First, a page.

Experience of Mary-Kate Carey, M.S., BCBA

Early intensive behavioral intervention (EIBI) has been repeatedly shown to be an effective means of stimulating development of young children with autism. From the child’s perspective, there are always two significant changes when an EIBI program is introduced into the home. The first is that there are a lot more reinforcing activities now available to the child. The second is that there are a lot more instructions delivered to the child. These two changes interact in dynamic ways, sometimes resulting in very fast learning of important concepts and skills without much protest from the child. IMG_1460With other children, problem behavior may worsen under these early EIBI conditions when home-based teachers and parents are trying to teach the many things children of typical development learn through largely unstructured interactions. If problem behavior occurs during EIBI, we highly recommend a practical functional assessment and treatment process be initiated. Mary-Kate Carey, M.S., BCBA of the New England Center for Children (NECC) describes the beginning stage of this process.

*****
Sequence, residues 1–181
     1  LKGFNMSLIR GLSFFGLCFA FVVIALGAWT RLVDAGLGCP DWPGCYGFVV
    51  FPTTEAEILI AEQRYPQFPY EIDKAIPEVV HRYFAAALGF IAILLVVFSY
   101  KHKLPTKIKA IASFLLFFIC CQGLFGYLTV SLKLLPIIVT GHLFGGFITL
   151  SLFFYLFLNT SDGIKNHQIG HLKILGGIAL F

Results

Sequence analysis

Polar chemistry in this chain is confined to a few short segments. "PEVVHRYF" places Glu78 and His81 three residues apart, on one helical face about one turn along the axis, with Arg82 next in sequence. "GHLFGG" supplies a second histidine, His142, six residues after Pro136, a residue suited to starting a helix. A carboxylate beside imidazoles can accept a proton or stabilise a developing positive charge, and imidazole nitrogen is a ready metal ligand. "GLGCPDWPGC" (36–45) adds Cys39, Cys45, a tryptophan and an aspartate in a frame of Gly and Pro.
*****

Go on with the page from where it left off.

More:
Click here to see Mary-Kate’s presentation.

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